By Vincent Ujumadu
AWKA — FOLLOWING the release of the fact sheet of Service Delivery Indicators, SDI, survey for 2013 in Anambra State, which exposed the problems in the health sector, stakeholders from the health departments in al the 21 local government areas of the state brainstormed in Awka to suggest ways of improving the situation.
The stakeholders were armed with the report of the survey sponsored by the World Bank, the Bill & Melinda Gates Foundation and Hanova Medical Limited. During the two-day exercise, the stakeholders considered issues raised in the report point by point after which recommendations were made to the policy formulators of the state government on what should be done to put the health sector on the right track again.
According to the report, there was only 17.1 per cent adherence to clinical guidelines, while adherence by doctors, nurses/midwives and para-professionals were 32.8 per cent, 21.7 per cent, 14.2 per cent and 10.8 per cent respectively.
Similarly, the absence of health workers from facilities ranged from 32.6 per cent in health posts to 48.5 per cent in secondary health facilities, while 42.8 per cent of doctors, 39.1 per cent of nurses, 44.4 per cent of para-professionals were absent from all facilities during unannounced visits.
It was, however, observed that 43.9 per cent of excused absence was in the form of training, official mission and approved absence, while 15 per cent and 8.6 per cent were unapproved absence and sick/maternity. The report said that only 15 per cent of all health facilities had work plans, while 7.4 per cent had quarterly implementation plans, adding that availability of work plans among the primary tier health facilities was even lower, recording 14.4 per cent, compared to the secondary facilities which stood at 51 per cent.
The stakeholders who worked in groups, in their recommendations, agreed on the need to employ more staff, provide the necessary infrastructure, including vehicles for monitoring activities, refrigerators for storing drugs at the right temperature, training and retraining of staff, improved budgetary allocation to the sector. Essentially, the survey centred on what health workers know, what they do, what they work with, as well as management of resources, supervision and financing.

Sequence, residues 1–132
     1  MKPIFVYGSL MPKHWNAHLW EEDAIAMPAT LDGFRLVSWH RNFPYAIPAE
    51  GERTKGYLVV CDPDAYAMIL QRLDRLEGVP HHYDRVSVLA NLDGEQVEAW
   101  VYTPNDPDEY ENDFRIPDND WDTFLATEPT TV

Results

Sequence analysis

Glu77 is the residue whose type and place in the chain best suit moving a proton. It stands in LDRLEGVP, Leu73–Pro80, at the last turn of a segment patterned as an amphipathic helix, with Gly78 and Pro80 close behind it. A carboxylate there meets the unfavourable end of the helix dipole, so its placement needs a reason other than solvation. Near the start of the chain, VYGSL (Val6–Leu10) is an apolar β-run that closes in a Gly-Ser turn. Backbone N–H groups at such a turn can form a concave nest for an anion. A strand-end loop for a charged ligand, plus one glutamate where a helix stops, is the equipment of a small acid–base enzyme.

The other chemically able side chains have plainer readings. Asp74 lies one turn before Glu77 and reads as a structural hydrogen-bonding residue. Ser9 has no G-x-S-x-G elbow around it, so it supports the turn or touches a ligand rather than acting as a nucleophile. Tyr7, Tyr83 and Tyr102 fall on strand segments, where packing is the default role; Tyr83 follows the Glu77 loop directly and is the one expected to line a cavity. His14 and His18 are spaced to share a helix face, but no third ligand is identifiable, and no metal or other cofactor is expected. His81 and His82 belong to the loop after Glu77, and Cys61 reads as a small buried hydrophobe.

Dr. Dale Ogunbayo, who provided technical support for the survey described the outcome as an eye opener, adding that it would assist authorities to improve on areas the country was lagging behind. According to him, rather than apportion blames, the best thing to do is to find the way forward, which was why the stakeholders who operate at the primary healthcare level to make the necessary input that will guide the state government in making policies that concern the health sector.
Some of the participants admitted that the report was not a surprise to them, noting that it revealed the anomalies which they had been complaining about anytime they had opportunity to interact with officials of the ministry of health. They observed that in some of the Primary Health Centres, there is only one staff and wondered the kind of result to expect from such a situation. They also complained that local government chairmen were not helping matters as they are only interested in ventures that could yield money for them.
For instance, most of the stakeholders said that although all local governments have giant generating sets to power the entire local government, the chairmen abandoned them and procured only the small ones that light their offices, keeping the entire local government in darkness. They also allege that drugs supplied to the health centers are not properly accounted for, leading to some health staff purchasing drugs they administer to patients and charging them money, when such services were expected to be provided free of charge.